What’s up with the food supply? It’s a question increasingly on everyone’s mind as outbreaks of food-borne illnesses continue cropping up. The Centers for Disease Control and Prevention (CDC) estimates that one in six Americans gets sick every year from contaminated food or beverages, and more than 250 different foodborne diseases have been identified.
If you’re in the food industry, this is a threat you can’t afford to ignore. The risks are greater than ever, and getting caught up in a foodborne illness outbreak could force you out of business – for good. For a peek into the chain reaction of devastation that can result, the Chipotle Mexican Grill story should serve as the perfect case study.
A tragedy unfolds
Launched in 1993 as a burrito stand in Denver by a young entrepreneur who borrowed money from his parents, the Chipotle chain has grown to more than 2,000 locations around the country, and by August 2015, the company had attained a market value of $23 billion.
But that all started to unravel in 2015 when customers started becoming ill after eating at the restaurants. Over several months, hundreds of customers across the country became ill in six separate incidents involving norovirus, salmonella, and E. coli. In just the most recent outbreaks, 58 people across 12 states were sickened from E. coli.
It’s become the perfect storm for Chipotle – and it’s more than a little ironic given the chain’s positioning as a healthy, fresh alternative to traditional fast-food chains, a company that touts "food with integrity." In fact, it was the first major chain to reject genetically modified food. So eating at Chipotle’s has always been seen as an ethically and ecologically responsible choice.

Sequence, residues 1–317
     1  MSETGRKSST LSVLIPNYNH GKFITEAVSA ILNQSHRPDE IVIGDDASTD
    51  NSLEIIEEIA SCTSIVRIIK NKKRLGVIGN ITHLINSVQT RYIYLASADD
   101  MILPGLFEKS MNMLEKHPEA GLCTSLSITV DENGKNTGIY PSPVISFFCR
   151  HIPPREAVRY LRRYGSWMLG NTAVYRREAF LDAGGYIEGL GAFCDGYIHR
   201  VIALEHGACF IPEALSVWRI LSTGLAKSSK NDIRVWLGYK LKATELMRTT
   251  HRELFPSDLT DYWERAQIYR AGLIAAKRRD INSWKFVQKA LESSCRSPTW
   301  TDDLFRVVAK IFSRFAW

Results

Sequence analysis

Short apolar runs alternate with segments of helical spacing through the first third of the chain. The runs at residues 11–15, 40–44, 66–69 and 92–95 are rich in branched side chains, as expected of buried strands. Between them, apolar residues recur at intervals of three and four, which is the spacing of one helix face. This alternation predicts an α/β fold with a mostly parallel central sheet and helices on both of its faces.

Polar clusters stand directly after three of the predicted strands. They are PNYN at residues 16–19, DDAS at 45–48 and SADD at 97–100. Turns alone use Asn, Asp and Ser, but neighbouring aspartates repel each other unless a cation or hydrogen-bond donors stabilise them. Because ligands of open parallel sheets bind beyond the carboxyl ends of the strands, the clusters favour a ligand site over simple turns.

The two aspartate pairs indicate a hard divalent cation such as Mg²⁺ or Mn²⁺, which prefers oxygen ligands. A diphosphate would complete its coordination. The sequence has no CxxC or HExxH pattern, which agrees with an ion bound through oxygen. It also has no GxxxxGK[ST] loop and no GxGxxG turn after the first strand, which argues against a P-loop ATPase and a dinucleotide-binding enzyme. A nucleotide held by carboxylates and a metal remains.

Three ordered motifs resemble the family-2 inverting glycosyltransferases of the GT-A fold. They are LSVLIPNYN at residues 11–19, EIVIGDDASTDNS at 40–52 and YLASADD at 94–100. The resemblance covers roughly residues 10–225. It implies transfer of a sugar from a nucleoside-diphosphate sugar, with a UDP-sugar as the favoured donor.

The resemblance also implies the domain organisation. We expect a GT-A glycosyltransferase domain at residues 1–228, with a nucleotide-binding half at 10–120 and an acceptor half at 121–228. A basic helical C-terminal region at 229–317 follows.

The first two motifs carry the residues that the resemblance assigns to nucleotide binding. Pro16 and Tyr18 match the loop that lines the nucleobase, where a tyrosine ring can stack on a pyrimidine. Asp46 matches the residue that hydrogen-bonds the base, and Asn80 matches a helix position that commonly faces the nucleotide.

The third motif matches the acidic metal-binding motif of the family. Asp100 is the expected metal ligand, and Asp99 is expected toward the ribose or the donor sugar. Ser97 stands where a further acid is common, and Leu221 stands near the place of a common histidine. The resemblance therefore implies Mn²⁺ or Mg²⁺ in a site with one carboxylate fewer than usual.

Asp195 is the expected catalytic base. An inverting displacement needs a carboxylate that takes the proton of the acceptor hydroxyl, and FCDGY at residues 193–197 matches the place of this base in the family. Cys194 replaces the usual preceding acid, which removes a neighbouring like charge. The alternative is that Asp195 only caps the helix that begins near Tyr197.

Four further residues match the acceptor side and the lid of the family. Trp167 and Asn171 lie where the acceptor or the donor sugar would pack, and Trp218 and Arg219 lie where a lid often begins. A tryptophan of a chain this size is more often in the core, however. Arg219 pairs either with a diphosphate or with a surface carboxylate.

Unfortunately, the multiple outbreaks of foodborne illnesses have taken a serious toll on that image, and on many other aspects of the chain’s business. Consider the multifaceted costs, inconveniences, and challenges associated with the fallout:
- Reputational. Chipotle has lost a great deal of trust and is struggling to convince customers that its food is safe. With so many incidents, many are questioning if the company was doing all it could to make its products safe, and the company has faced public criticism of its handling of the crisis.
- Financial. The ordeal has taken a toll on the company’s bottom line, with sales falling in the last quarter of 2015 – as much as 11 percent overall – and its stock falling 30 percent last year. But that’s just for starters. The company is still dealing with cleanup costs, costs to revamp their operations, legal costs, loss of income, and on and on.
- Government investigations. The CDC’s outbreak response team and investigators from the Food and Drug Administration (FDA) are still trying to determine the root cause of the outbreaks.
- Legal. Chipotle is now facing a class-action lawsuit by a group of students who allege the Simi Valley, California, restaurants deliberately covered up signs of a foodborne illness outbreak. On top of that, the Justice Department and the FDA have served Chipotle with a grand jury subpoena related to the Simi Valley outbreak, and may bring criminal charges.
The long road back
It’s a trail of misery. Can Chipotle recover? Sure – other corporations have done it – but it’ll be a long, hard, costly road. While customers are often quick to forgive companies for mistakes, only time will tell if Chipotle will be so lucky.
What if it happens to your food business? Will you survive? If you don’t know, Heffernan Insurance Brokers has a team of experts specializing in business insurance for the food industry as well as a team for restaurants and hospitality that will help you get prepared.